• Hurricane Frances on Sept. 3, 2004. Florida is just barely visible at the top center of the image, while Cuba, Jamaica, and Hispaniola line up vertically along the left.

    Hurricane Frances on Sept. 3, 2004. Florida is just barely visible at the top center of the image, while Cuba, Jamaica, and Hispaniola line up vertically along the left.

    Image: SeaWiFS Project, NASA/Goddard Space Flight Center and ORBIMAGE

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“Grey swan” cyclones predicted to be more frequent and intense

Hurricane Frances on Sept. 3, 2004. Florida is just barely visible at the top center of the image, while Cuba, Jamaica, and Hispaniola line up vertically along the left.

Study finds some coastal regions may face a risk of unprecedented storm surge in the next century.

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“Grey swan” cyclones — extremely rare tropical storms that are impossible to anticipate from the historical record alone — will become more frequent in the next century for parts of Florida, Australia, and cities along the Persian Gulf, according to a study published today in the journal Nature Climate Change.

In contrast with events known as “black swans” — wholly unprecedented and unexpected occurrences, such as the 9/11 attacks and the 2008 financial collapse — grey swans may be anticipated by combining physical knowledge with historical data.

In the case of extreme tropical cyclones, grey swans are storms that can whip up devastating storm surges, beyond what can be foreseen from the weather record alone — but which may be anticipated using global simulations, along with historical data.

In the current paper, authors Kerry Emanuel, the Cecil and Ida Green Professor in Earth and Planetary Sciences at MIT, and Ning Lin of Princeton University simulated the risk of grey swan cyclones, and their resulting storm surges, for three vulnerable coastal regions. They found a risk of such storms for regions such as Dubai, United Arab Emirates, where tropical storms have never been recorded. In Tampa, Florida, and Cairns, Australia — places that experience fairly frequent storms — storms of unprecedented magnitude will be more likely in the next century.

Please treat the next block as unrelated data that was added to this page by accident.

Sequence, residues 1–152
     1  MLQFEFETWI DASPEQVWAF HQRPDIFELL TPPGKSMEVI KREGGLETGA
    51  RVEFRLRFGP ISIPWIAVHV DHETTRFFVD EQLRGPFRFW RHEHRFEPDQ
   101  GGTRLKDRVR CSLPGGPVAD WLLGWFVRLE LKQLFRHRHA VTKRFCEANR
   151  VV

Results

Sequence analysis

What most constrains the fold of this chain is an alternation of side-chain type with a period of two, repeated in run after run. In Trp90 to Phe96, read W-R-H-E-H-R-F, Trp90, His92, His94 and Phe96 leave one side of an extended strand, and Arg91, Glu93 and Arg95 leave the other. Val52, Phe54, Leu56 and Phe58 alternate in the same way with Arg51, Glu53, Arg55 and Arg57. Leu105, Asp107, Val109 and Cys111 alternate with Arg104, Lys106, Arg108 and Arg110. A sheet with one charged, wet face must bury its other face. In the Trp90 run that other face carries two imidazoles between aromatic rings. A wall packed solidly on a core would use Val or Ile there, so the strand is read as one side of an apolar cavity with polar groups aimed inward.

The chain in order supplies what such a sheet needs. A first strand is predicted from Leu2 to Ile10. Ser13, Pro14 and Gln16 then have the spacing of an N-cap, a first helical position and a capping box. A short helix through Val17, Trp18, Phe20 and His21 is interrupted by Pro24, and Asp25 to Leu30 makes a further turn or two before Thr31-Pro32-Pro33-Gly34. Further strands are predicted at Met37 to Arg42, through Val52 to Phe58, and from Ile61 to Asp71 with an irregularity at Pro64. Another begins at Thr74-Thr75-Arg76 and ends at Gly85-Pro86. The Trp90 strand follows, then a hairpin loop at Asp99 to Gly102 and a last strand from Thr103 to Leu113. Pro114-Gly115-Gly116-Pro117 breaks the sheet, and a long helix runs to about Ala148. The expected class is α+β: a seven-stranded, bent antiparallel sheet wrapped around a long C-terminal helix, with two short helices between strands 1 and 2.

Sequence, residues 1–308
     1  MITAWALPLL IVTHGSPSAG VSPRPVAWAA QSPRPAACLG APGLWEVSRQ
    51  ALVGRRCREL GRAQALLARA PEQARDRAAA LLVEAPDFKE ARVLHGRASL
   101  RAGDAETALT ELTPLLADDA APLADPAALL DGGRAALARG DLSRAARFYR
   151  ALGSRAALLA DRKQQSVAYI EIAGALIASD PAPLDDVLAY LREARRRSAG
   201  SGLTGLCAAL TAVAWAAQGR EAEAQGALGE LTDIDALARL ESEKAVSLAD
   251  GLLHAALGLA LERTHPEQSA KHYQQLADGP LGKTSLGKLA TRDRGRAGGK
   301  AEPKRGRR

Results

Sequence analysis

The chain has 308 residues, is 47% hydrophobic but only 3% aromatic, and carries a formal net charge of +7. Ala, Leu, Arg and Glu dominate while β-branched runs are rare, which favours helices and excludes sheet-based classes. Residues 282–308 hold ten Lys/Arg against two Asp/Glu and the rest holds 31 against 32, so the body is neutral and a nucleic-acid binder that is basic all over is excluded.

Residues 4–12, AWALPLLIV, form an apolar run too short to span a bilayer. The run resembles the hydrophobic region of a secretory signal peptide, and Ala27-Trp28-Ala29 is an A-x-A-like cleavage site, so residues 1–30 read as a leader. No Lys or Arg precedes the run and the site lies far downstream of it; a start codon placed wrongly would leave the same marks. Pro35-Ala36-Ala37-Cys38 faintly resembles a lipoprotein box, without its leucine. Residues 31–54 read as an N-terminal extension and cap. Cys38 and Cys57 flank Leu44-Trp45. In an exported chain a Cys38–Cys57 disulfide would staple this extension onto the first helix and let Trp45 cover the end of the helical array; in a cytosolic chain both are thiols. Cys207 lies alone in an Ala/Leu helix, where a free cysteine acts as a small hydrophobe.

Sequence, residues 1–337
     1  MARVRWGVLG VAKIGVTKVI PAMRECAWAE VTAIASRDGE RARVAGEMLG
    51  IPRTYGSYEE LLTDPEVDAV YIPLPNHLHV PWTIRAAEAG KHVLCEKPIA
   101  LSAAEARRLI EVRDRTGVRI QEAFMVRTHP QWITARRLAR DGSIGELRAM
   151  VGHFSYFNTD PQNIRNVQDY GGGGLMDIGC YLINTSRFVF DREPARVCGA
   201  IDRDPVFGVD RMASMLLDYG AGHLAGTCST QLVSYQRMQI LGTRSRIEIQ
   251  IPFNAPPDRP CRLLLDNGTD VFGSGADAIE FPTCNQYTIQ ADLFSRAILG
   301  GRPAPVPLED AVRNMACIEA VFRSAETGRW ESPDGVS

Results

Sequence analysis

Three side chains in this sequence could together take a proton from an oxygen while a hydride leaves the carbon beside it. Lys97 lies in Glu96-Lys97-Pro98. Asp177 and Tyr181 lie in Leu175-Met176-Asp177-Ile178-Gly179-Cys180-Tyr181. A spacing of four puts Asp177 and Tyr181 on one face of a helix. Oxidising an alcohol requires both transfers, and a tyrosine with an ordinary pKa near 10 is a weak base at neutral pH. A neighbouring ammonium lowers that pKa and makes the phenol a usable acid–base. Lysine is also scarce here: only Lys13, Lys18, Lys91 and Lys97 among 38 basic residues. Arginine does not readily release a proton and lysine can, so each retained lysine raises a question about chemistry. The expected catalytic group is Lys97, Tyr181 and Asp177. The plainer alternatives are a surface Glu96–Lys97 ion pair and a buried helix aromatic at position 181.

“These are all locations where either no one’s anticipated a hurricane at all, such as in the Persian Gulf, or they’re simply not aware of the magnitude of disaster that could occur,” Emanuel says.  

Beyond forecasts

To date, the world has yet to see a black swan or grey swan cyclone: Every hurricane that has ever occurred in recorded history could, in retrospect, have been predicted, given the previous pattern of storm activity.

“In the realm of storms, I can’t really think of an example in the last five or six decades that anybody could call a black swan,” Emanuel says. “For example, Hurricane Katrina was anticipated on the timescale of many years. Everybody knew New Orleans was going to get hammered. Katrina was not meteorologically unusual at all.”

However, as global warming is expected to significantly alter the Earth’s atmosphere and oceans in the coming decades, the track and magnitude of hurricanes may skew widely from historical patterns.

To get a sense of the frequency of grey swan cyclones in the next century, Emanuel and Lin employed a technique that Emanuel’s team developed 10 years ago, in which they embed a detailed hurricane model into a global climate model.